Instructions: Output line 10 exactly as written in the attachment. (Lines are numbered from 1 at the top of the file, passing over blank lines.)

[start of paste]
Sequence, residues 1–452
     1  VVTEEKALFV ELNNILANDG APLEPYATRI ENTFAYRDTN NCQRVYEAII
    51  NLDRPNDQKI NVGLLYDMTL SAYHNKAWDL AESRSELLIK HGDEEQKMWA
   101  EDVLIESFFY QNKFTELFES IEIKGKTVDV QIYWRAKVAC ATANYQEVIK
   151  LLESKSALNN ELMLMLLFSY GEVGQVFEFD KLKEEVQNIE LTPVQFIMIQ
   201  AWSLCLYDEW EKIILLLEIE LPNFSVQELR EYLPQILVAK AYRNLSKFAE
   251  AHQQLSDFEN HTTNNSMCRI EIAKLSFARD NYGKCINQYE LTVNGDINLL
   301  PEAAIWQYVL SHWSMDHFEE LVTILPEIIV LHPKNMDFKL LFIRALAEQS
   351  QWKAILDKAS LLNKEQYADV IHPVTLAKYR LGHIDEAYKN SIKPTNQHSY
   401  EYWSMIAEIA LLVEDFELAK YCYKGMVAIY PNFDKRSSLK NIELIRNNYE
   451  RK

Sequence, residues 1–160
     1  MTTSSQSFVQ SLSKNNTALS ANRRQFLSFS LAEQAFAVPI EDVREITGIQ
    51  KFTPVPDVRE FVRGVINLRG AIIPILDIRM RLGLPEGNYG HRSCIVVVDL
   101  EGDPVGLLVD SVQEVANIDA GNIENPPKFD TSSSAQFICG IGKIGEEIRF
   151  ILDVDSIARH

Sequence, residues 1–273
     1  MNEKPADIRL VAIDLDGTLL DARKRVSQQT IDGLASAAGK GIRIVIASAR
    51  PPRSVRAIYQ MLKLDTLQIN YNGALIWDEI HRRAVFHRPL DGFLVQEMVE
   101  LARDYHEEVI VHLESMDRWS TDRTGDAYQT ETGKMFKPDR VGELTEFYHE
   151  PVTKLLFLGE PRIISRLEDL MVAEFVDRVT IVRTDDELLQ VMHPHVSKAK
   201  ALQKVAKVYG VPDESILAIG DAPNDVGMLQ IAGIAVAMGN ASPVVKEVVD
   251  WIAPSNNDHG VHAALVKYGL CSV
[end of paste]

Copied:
   401  EYWSMIAEIA LLVEDFELAK YCYKGMVAIY PNFDKRSSLK NIELIRNNYE